• 3 Among the circumstances to be examined is the conduct of the parties. Defendant was validly served with notice of the original action against him. Because defendant mistakenly thought the suit was against O & W Liquors, he ignored the summons. Although we do not approve of defendant's conduct in not making an appearance to defend, we have consistently held that in order to determine the sufficiency of a section 72 petition, the court must apply equitable principles as justice and fairness require. (See George F. Mueller & Sons, Inc., at 979, citing Elfman v. Evanston Bus Co. (1963), 27 Ill.2d 609, 190 N.E.2d 348; Ellman v. De Ruiter (1952), 412 Ill. 285, 106 N.E.2d 350; Diner's Club, Inc. v. Gronwald (1976), 43 Ill. App.3d 164, 356 N.E.2d 1261.) Justice and good conscience may require that a judgment be vacated even though there may have been a lack of due diligence. A showing of due diligence is not required when it is clear from all the circumstances that a party has procured an unconscionable advantage through the extraordinary use of a court process. Gary Acceptance Corp. v. Napilillo (1967), 86 Ill. App.2d 257, 262, 230 N.E.2d 73, 76.
• 4 In further support of defendant's lack of due diligence, plaintiff argues that defendant was aware of the default judgment when he was served with a citation to discover assets and a rule to show cause on March 13, and April 14, 1980, respectively. In defendant's additional affidavit, he stated that at the time of service of these documents he was 77 years old; that the return on the citation indicated that a black male in his forties was served; that the return on the rule to show cause indicated that a black male between 50 and 60 years of age was served at 4 p.m., a time in which defendant is generally not at home. Plaintiff has not controverted this by filing either a response or a cross-affidavit. These allegations not denied must be taken as true. Chase v. Cummingham (1978), 64 Ill. App.3d 54, 58, 381 N.E.2d 27, 32.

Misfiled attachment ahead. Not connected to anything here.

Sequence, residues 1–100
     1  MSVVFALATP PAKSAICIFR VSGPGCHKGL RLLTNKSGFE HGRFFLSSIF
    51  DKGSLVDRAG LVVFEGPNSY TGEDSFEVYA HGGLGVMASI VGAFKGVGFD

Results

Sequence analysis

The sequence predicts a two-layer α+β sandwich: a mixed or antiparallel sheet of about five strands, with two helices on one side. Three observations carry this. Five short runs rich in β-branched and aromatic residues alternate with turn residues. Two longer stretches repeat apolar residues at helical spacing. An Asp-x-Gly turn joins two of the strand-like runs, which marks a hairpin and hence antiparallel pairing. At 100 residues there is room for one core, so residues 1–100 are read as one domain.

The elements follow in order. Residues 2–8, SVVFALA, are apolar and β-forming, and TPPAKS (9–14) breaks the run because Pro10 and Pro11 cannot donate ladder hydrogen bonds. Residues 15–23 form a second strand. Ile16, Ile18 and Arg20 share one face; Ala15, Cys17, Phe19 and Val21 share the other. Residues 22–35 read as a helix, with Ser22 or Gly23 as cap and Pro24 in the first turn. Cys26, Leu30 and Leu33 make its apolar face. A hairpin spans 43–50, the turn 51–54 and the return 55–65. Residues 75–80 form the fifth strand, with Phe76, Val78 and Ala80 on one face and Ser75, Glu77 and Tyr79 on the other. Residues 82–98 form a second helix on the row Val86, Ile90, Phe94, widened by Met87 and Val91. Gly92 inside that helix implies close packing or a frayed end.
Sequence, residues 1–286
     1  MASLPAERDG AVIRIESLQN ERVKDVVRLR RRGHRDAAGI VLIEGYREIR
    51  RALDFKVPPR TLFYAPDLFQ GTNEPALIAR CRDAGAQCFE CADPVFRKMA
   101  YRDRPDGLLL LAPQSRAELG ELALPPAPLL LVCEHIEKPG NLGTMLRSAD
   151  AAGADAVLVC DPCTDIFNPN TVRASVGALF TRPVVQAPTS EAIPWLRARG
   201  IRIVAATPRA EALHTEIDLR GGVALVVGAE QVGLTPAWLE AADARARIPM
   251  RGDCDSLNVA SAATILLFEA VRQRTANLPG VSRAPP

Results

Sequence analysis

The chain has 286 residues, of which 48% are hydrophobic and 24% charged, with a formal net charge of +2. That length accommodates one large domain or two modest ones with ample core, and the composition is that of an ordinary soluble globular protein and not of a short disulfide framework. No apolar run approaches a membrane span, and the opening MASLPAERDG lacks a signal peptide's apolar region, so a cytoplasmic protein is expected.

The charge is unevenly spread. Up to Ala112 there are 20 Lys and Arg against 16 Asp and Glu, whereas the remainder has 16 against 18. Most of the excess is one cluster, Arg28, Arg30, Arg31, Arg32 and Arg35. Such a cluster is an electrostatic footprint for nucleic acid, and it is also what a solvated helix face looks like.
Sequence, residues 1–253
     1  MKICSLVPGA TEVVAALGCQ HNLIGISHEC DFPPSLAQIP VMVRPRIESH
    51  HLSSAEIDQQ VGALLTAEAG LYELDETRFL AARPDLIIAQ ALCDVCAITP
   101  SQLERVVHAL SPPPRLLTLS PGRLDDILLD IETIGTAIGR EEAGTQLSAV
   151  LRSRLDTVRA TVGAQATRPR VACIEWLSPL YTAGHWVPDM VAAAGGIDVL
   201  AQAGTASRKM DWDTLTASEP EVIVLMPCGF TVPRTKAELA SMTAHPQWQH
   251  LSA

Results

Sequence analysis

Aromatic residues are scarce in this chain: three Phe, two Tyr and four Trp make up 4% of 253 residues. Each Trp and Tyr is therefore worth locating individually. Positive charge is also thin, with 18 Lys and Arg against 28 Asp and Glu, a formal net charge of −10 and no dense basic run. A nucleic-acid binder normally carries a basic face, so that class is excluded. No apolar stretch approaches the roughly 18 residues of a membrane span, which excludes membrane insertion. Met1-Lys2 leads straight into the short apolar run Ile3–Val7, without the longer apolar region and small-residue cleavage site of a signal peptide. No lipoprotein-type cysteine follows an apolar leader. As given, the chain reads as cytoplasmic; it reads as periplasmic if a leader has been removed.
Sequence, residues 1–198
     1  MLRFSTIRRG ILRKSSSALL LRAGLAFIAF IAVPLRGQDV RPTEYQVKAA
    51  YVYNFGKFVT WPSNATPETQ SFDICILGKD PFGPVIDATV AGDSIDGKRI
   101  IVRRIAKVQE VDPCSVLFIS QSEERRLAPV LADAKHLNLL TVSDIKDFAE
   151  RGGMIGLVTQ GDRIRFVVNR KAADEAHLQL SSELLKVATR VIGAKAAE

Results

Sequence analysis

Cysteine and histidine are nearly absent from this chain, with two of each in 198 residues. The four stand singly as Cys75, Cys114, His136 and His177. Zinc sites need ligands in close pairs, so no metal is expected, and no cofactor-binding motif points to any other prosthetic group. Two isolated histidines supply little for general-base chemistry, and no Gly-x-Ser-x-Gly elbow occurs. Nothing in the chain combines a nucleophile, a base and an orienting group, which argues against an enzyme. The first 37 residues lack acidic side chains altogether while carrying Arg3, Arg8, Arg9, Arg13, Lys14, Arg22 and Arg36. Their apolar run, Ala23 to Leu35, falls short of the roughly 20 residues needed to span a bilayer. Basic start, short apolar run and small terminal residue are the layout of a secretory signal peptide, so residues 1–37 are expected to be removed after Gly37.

• 5 Plaintiff finally contends that defendant failed to present a meritorious defense in his section 72 petition. We disagree. Defendant, in his petition, stated, "that he did not request nor receive any of the items set forth in Plaintiff's Exhibit `A.' That further, Defendant did not have any interest in O & W Liquors at the relevant period of time set forth in Plaintiff's Exhibit `A.'" By affidavit, defendant stated that one of plaintiff's salesman had been advised approximately 2 1/2 years ago that defendant had sold and transferred his interest in the business known as O & W Liquors. Plaintiff denied any actual knowledge that defendant had sold his interest in O & W Liquors. However, plaintiff did not deny defendant's allegation that he did not receive any of the items pertaining to the suit. Likewise, those allegations not denied must be taken as true. (Chase, at 58.) Thus, we find that defendant has sufficiently set forth ultimate facts which constitute a meritorious defense. Chase, at 58.
• 6 In light of all the circumstances, and in view of the fact that a petition under section 72 invokes the equitable powers of the court as justice and fairness require, we are of the opinion that the granting of the section 72 petition was not an abuse of the trial court's discretion. Moreover, due to the voluminous litigation in Cook County, default judgments frequently occur and, therefore, section 72 should be liberally applied to afford relief in such instances. Park Avenue Lumber & Supply Co. v. Nils A. Hofverberg, Inc. (1966), 76 Ill. App.2d 334, 347, 222 N.E.2d 49, 55-56.
We find that there was no abuse of discretion by the trial court, and in this case the ends of justice are best served by a ...